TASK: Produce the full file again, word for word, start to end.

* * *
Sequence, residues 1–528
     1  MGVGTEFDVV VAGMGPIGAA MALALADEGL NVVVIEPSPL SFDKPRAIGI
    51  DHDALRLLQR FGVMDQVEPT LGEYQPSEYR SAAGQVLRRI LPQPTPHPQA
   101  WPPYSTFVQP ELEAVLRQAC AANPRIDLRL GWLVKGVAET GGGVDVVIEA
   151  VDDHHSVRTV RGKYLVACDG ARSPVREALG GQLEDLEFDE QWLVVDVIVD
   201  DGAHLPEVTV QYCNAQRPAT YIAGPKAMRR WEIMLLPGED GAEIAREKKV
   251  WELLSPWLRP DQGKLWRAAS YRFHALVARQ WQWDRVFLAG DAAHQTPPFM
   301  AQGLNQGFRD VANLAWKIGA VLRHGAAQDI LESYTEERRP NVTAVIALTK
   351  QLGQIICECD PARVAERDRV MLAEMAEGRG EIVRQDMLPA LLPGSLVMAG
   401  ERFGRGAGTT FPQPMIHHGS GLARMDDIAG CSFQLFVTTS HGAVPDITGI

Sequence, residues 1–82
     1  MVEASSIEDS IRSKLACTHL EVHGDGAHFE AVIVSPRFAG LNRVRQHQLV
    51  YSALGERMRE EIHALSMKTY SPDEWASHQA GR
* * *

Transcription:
Sequence, residues 1–528
     1  MGVGTEFDVV VAGMGPIGAA MALALADEGL NVVVIEPSPL SFDKPRAIGI
    51  DHDALRLLQR FGVMDQVEPT LGEYQPSEYR SAAGQVLRRI LPQPTPHPQA
   101  WPPYSTFVQP ELEAVLRQAC AANPRIDLRL GWLVKGVAET GGGVDVVIEA
   151  VDDHHSVRTV RGKYLVACDG ARSPVREALG GQLEDLEFDE QWLVVDVIVD
   201  DGAHLPEVTV QYCNAQRPAT YIAGPKAMRR WEIMLLPGED GAEIAREKKV
   251  WELLSPWLRP DQGKLWRAAS YRFHALVARQ WQWDRVFLAG DAAHQTPPFM
   301  AQGLNQGFRD VANLAWKIGA VLRHGAAQDI LESYTEERRP NVTAVIALTK
   351  QLGQIICECD PARVAERDRV MLAEMAEGRG EIVRQDMLPA LLPGSLVMAG
   401  ERFGRGAGTT FPQPMIHHGS GLARMDDIAG CSFQLFVTTS HGAVPDITGI

Sequence, residues 1–82
     1  MVEASSIEDS IRSKLACTHL EVHGDGAHFE AVIVSPRFAG LNRVRQHQLV
    51  YSALGERMRE EIHALSMKTY SPDEWASHQA GR